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Service Delivery

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This is the final stage in the 10-stage consortium development process, when, having done all the preparatory work, the consortium actually delivers services.

This page focuses on the additional considerations for consortia, over and above general information on managing contracts.

Consortia must be able to successfully manage a ‘chain’ of relationships, both upwards (commissioners) and downwards (subcontractors). For example:

  • if a member of the consortium fails to deliver, how do you address the member’s performance, and how do you ensure that there is no impact to the overall contract?
  • how do you become aware of performance difficulties early enough so that support or mitigation can be put in place?
  • how do you align systems from a multitude of providers so that you can report appropriately to the funder/commissioner?
  • how do you ensure that internal decisions, for example the awarding of subcontracts, are made fairly and transparently?

Outcomes for this stage

  • Policies and procedures are in place to manage risk, contracts, subcontracting, performance and data.
  • Consortium members are clear about what role they will play in contract management and oversight. Many consortia have a contract oversight group drawn from the membership. 

Key activities for this stage

1.   Risk analysis

  • A risk analysis should be carried out, looking at: what could go wrong, what can you put in place in order to reduce likelihood or impact of those risks? See our ‘How To’

2.   Subcontracting policies and templates

  • Set up an appropriate system for awarding sub-contracts based on the following principles/criteria:
    • Contract compliance (including compliance in the following areas: profile of project deliverables and associated outcomes against specified statement of need, quality assurance, financial accounting, outcome accounting and value for money benchmarks) 
    • Delivery capacity of providers
    • Potential impact
    • Fairness
    • Transparency
  • Develop template subcontracts.
  • Consider carefully how risk is passed down the supply chain: On one hand, the consortium needs to be able to withdraw or claw back funding if a provider fails to deliver, which would mean that the commissioner withholds payments to the consortium lead. However, it is important that smaller providers are not expected to carry a burdensome level of risk.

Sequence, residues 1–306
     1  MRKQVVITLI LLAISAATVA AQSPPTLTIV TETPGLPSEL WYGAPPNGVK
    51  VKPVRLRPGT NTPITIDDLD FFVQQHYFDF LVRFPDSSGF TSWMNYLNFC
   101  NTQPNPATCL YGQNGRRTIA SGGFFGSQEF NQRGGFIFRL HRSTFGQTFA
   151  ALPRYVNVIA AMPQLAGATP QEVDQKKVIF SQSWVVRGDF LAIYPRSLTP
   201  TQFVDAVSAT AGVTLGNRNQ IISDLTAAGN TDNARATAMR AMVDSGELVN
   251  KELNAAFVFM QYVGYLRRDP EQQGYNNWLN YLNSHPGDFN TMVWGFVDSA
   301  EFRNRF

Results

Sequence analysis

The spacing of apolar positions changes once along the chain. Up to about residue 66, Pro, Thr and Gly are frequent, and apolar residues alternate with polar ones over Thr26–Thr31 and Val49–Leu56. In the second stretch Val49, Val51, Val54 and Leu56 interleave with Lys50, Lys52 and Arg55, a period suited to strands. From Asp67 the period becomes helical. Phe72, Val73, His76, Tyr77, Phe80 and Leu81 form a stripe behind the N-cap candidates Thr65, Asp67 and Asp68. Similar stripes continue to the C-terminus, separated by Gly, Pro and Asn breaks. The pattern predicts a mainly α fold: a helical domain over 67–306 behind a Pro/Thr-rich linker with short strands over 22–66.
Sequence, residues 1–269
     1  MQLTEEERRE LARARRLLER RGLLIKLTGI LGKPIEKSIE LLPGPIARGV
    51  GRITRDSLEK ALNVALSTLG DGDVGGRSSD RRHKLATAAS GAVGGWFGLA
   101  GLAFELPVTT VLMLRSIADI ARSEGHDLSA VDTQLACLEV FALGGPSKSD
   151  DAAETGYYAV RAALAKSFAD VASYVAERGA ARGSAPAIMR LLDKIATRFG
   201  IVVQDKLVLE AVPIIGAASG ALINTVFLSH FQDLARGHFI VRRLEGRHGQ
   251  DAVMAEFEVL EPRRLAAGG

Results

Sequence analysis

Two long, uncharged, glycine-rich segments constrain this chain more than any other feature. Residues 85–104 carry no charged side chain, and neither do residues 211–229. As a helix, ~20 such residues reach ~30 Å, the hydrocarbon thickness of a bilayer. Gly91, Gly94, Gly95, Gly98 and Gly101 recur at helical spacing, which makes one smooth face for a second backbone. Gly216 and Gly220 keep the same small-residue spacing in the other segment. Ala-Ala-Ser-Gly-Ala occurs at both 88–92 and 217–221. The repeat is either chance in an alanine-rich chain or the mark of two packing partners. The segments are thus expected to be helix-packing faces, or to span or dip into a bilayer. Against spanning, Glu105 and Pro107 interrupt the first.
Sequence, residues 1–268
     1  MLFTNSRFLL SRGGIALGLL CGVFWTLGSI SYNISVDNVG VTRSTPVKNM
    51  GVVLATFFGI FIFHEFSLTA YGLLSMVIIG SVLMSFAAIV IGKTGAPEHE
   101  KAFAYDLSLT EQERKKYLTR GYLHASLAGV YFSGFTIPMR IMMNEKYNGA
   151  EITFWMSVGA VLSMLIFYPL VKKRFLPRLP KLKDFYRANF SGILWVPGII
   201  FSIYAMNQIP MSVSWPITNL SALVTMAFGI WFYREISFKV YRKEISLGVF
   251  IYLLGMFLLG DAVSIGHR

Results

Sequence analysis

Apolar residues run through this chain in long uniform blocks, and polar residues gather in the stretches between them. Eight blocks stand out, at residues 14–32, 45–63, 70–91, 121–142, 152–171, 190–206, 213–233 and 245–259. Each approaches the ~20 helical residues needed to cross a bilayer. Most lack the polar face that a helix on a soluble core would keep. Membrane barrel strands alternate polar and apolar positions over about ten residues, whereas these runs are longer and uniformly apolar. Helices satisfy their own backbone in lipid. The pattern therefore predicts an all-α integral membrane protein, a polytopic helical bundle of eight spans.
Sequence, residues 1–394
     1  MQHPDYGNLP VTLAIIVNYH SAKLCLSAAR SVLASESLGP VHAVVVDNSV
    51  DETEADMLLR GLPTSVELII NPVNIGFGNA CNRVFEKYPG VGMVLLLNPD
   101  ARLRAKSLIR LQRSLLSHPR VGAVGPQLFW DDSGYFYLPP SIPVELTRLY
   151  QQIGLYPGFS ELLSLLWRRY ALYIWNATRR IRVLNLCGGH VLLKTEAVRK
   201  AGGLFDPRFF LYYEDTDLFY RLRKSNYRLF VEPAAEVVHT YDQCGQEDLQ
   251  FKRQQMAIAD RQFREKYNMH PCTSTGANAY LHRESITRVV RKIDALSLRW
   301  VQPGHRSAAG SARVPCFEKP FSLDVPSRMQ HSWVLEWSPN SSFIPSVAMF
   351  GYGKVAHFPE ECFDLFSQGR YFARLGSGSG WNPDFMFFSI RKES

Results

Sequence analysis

3.   Contract and performance management

  • Develop a robust contract management system.
  • Consider:
    • what support is available when a member fails to deliver?
    • what are the sanctions following repeated failure?
    • what contingencies are in place to maintain service continuity if there is a failure?
  • Develop a contract management system, which includes protocols for reporting, payments, and response when delivery does not meet targets. 
  • Develop a system for monitoring the performance of sub-contractors.
  • Implement measures to maintain and improve standards of delivery across the consortium – to include a consortium-wide quality assurance policy and strategy.

4.   Data management

  • Set up a data management system that:
    • can accommodate data from all consortium partners (ideally a single system)
    • is not too onerous for consortium partners, and ideally aligns well with data they already capture, and systems they already use
    • enables partners to submit data in a way that can easily be interpreted and reported upwards to the commissioner
    • covers all the requirements of the commissioner.
  • Create and adopt a data management policy that covers the above. 

5.   Internal oversight

  • Many consortia have a contract oversight group. Bringing providers together can be a useful way of supporting members to understand what’s involved in delivering a shared service as opposed to an individual service. This can be a cultural shift for voluntary organisations that are used to working alone. 

More information

 

Page last edited Jun 07, 2017

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